For museum lovers, Washington, DC is an excellent destination for a visit. In addition to eleven Smithsonian Museums on the National Mall, other museums easily reachable from the Mayflower Hotel (the symposium headquarters) include the Renwick Gallery, National Building Museum, the National Museum of Women in the Arts, the Newseum, the Holocaust Museum, and the Phillips Collection (to mention only a few). Along with museums, Washington has federal facilities with free access and exhibits such as U.S. Capitol Visitor Center, the Library of Congress and the National Archives, in addition to outdoor sculptures and memorials such as the Lincoln, Jefferson, Vietnam Veteran’s, and Martin Luther King memorials. Cultural venues include the Kennedy Center and many other performing arts venues such as Arena Stage, Shakespeare Theatre, Studio Theatre, and Theatre J. Washington’s many museums frequently host music performances.
Below, you’ll find ‘snapshots’ of some of Washington’s many museums (please check periodically as we will be updating the below list).
Linnea Hamer, Docent, Kreeger Museum and Smithsonian American Art Museum
The Kreeger Museum is one of Washington, DC’s must-see smaller museums. The building, designed by renowned modernist architect Philip Johnson in 1963 and completed in 1967, was the residence of Carmen and David Kreeger before opening as a museum in 1994. The collection encompasses 19th and 20th century paintings and sculpture, in addition to outstanding examples of traditional African and Asian art. Surrounded by a five-acre Sculpture Garden, The Kreeger Museum offers an inviting respite from the bustle of downtown Washington, DC. Located in Northwest Washington, DC at 2401 Foxhall Road, the museum is open Tuesday – Saturday from 10am-4pm and docent-led tours are offered daily. Admission is waived for museum professionals and volunteers.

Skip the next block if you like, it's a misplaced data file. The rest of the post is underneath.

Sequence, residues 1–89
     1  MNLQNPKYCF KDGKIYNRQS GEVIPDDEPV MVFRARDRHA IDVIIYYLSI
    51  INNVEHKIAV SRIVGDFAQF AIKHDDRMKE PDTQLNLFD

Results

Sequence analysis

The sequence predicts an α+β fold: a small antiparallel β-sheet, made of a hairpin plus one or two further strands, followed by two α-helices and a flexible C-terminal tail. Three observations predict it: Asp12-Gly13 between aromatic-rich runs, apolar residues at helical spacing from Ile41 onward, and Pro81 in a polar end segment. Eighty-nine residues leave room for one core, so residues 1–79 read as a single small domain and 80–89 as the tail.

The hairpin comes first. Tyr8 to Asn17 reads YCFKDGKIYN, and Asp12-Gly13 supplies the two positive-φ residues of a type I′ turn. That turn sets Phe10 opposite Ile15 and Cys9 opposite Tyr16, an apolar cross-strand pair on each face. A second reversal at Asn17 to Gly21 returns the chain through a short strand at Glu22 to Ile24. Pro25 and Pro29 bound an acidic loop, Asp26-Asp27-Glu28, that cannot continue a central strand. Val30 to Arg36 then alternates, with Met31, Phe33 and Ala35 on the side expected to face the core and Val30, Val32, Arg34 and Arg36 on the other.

David Weisz, Docent, Renwick Gallery and Smithsonian American Art Museum
The Renwick Gallery, located just steps from the White House, has long been one of Washington's "hidden gems," but it is "hidden" no longer. Since re-opening in 2015 after a two-year renovation, this National Historic Landmark has hosted a number of spectacular and very popular exhibitions.